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My girlfriend is going to college for the next 4 years and her parents just bought her a condo to stay in while she is at school. I will be staying in it with her, and there is a room for her parents to stay in when they are in town, which they intent to use semi-frequently. My girlfriend and I will be responsible for paying her parents a monthly rent that is roughly equivalent to the cost of the mortgage and HOA fees. The home owners association that the condo belongs to does not allow renters, so we will be staying there without an official rental contract. The HOA requires a list of who will be staying in the condo, and all 4 of our names will be listed. In the past when I was renting apartments, I would get renters insurance to insure my belongs. Now that we are going to be staying in the condo with a sort-of informal arrangement, I am unsure what my options to insure my belongings are.

Am I still able to obtain renters insurance even though I am not technically renting, or do I need to go another route? I only have a few expensive things that I am worried about getting stolen (laptop, guitar, etc.), but I'd rather be safe than sorry when it comes to insuring my things.

  • Could you add a country tag. – Dheer Jun 27 '16 at 15:37
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    Did you call the insurance company? BTW good of you to get renters insurance. – Pete B. Jun 27 '16 at 16:48
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I suppose it's possible that some insurance companies may require to see a lease, but I've purchased renters insurance from various companies in the past and don't recall ever needing to provide one. If they did require one, you could draft one simply for that purpose, and never show it to the HOA.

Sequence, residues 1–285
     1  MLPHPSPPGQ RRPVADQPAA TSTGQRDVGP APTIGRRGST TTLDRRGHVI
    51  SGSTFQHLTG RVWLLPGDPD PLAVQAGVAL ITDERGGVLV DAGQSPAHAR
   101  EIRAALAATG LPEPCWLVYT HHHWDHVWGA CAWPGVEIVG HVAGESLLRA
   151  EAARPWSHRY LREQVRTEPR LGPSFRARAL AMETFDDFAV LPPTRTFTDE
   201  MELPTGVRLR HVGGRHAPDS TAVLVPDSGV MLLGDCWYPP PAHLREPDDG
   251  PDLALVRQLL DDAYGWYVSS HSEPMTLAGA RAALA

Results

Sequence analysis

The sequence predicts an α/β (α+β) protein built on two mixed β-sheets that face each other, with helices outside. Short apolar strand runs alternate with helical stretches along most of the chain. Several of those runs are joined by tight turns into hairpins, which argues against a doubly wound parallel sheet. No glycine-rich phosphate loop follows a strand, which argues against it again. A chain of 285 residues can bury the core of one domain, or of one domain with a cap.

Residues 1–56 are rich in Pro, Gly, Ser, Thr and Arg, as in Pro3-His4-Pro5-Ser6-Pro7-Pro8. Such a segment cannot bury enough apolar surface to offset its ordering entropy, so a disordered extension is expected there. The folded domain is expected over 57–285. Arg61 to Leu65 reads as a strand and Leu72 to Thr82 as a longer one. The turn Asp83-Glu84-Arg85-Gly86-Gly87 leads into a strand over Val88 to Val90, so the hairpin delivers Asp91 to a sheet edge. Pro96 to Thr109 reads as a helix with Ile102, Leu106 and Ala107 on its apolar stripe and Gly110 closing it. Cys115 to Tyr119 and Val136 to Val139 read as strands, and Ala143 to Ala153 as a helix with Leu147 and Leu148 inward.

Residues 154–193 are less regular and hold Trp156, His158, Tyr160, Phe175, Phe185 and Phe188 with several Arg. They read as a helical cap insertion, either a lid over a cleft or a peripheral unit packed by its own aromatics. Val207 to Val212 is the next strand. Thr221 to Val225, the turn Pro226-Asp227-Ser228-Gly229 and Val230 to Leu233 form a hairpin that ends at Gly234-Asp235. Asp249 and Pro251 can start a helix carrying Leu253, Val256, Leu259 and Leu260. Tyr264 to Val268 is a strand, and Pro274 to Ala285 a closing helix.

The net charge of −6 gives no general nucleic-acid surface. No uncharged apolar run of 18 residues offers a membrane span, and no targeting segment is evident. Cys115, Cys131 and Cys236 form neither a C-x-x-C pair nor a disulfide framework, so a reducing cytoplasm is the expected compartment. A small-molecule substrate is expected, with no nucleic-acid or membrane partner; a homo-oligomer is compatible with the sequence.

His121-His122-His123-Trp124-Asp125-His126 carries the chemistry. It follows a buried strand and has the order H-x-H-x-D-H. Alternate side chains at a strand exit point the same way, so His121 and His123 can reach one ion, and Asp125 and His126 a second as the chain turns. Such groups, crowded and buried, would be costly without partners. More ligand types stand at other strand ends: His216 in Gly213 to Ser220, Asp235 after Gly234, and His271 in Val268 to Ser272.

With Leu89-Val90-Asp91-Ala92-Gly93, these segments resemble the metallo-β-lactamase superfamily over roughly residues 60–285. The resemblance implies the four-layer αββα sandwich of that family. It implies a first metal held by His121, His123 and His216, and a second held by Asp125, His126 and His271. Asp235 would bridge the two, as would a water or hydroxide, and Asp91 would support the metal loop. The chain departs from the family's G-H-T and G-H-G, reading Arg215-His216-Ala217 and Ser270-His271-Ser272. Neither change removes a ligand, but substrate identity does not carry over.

However, you may not even need renters insurance. Every condo owner should already have a "condo insurance" policy (which is separate from the main HOA policy), and the condo policy should already cover what the renters policy would cover. Usually the numbers are pretty high, perhaps 20-100K in case of fire and/or total loss of all contents, but you can ask your gf/parents what the coverage is just to be sure.

BTW, most HOAs (in my experience) that have no-renting provisions usually have exceptions for blood relatives, so a child of the owner is typically not considered a renter (even if the parents aren't listed as living there too). You living there without a legal relationship could maybe be considered a renter, but the HOA has no way of knowing that you are actually paying money to her parents; they could just be letting you live there for free. If your girlfriend and her parents moved out and you stayed though, that would be more likely to raise eyebrows.

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    Thanks for the answer. I also don't recall needing to provide a rental contract in the past when I was obtaining renters insurance. I luckily have never needed to actually utilize my renters insurance though. Do you know if I would need to provide a rental contract if I were to submit an insurance claim? – thomasdclark Jun 27 '16 at 16:36
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    I've never had a claim either so I can't say for sure. More likely you'd need proof of a police report and possibly some evidence of the value of the items, if they are abnormally high. (Like if your guitar is a collectible.) Sometimes it helps to notify the insurance company of expensive items and have them listed as riders to the policy (expensive jewelry, bonds, gold bars, Steinway grand pianos, etc.) – TTT Jun 27 '16 at 16:39

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